Don't expect Professor Larrive-Bass to light you on fire with passion for art history. Her lectures are pretty dry, mediocre at best, although I came to look forward to catching up on sleep in her class (I'm an art history major by the way — it wasn't the subject matter that I necessarily found to be a drag.) She would sprinkle in a few discussion questions here and there because it's what she is supposed to do, but it was hardly engaging: I mean, if someone expressed a belief that Jackson Pollock's Number 1A prophesied the destruction of America by extraterrestrials via thermonuclear fire in the year 2020, I think she would probably just be like, "Mm-hmm." I truly felt like it did not matter what anyone said, so it was hard to motivate myself to participate. Also, she would occasionally incorporate comparisons with contemporary art in an attempt make things relevant to the youths of today, but the work she chose to talk about was the most boringly commercial sh*t like Jeff Koons, Anish Kapoor, Banksy, and hilariously, Jay-Z and Beyonce's "Apeshit" music video. Maybe it's just me — my peers didn't seem to mind — but in my opinion there are tons of art that is more interesting and complex and worthy of discussion than what she presented (I'm talking about the works she chose to include on top of the established art hum curriculum, to be clear.) HOWEVER, I hate to sound harsh because Professor Larrive-Bass is a very sweet woman who genuinely cares about her students. She brought treats to both exams. She let the class vote on when we wanted to have the midterm. She said we could call her anytime if we had questions. She compiled a list of art exhibitions that students might be interested in checking out over break. All in all, she definitely did her best to be as accommodating as possible and to make sure everyone was successful. Although this was hardly my favorite class, I ended up really liking Professor Larrive-Bass as a person. TL;DR: If you're looking to knock out the Art Hum requirement with the least possible effort, look no further. If you actually want to be engaged and challenged and excited by the course material, she is not the one for you!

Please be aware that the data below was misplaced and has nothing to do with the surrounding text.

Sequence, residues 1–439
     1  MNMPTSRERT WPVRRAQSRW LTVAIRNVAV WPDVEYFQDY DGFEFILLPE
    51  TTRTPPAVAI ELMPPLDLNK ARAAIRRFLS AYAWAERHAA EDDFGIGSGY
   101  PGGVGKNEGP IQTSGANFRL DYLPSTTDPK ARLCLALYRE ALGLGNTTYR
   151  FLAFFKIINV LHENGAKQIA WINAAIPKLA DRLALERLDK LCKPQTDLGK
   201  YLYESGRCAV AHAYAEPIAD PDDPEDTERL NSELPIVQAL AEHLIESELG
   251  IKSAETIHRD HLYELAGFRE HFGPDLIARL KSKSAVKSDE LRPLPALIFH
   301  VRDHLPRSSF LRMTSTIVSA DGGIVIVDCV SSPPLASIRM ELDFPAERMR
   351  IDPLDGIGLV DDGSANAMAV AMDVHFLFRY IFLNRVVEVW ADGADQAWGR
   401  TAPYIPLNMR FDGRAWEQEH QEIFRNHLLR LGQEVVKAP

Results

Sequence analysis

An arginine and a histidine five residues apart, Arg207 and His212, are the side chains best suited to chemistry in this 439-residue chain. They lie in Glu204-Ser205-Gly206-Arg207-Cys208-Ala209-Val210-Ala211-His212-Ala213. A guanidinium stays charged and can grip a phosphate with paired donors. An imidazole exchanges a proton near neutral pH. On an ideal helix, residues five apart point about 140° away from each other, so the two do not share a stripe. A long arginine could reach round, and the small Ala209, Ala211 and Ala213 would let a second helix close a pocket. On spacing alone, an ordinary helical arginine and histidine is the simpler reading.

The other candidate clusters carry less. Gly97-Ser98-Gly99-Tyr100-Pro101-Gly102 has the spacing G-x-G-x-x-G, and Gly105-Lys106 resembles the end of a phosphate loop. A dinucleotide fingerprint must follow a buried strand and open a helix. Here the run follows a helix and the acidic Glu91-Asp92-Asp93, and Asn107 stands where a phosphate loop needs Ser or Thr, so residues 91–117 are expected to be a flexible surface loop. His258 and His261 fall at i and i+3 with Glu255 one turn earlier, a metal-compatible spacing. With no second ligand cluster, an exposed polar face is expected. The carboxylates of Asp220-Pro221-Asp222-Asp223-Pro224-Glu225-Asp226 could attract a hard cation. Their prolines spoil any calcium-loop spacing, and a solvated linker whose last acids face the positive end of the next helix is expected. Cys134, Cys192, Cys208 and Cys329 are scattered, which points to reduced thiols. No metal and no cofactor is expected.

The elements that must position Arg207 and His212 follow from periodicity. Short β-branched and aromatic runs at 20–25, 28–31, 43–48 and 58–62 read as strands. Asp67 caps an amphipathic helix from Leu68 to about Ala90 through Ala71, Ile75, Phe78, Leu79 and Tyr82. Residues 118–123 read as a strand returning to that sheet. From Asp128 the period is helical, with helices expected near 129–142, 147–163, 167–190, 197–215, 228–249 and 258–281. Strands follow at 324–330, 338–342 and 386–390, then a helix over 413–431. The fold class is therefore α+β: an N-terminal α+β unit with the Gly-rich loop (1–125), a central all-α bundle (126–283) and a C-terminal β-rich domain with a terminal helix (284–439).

I echo the review below. Sandrine was a great professor; her lectures were concise, discussions were productive and most importantly - expectations were clear. Yes, she is pretty dry (lights are turned off during class and you flip through images on most days) but, you also get do some fun things like visit museums and a cathedral. Anyways, if you need to take ArtHum and are looking for a professor, I would recommend taking this course - getting an A is extremely easy if you just show up to class. P.S. - there is a fair amount of reading (no need to do it all)! Skim through every other reading or so and you will be fine. None of the readings are tested on, but you want to make sure you have something to contribute to the class discussion here and there as participation counts, and she will jot peoples names down when the comment.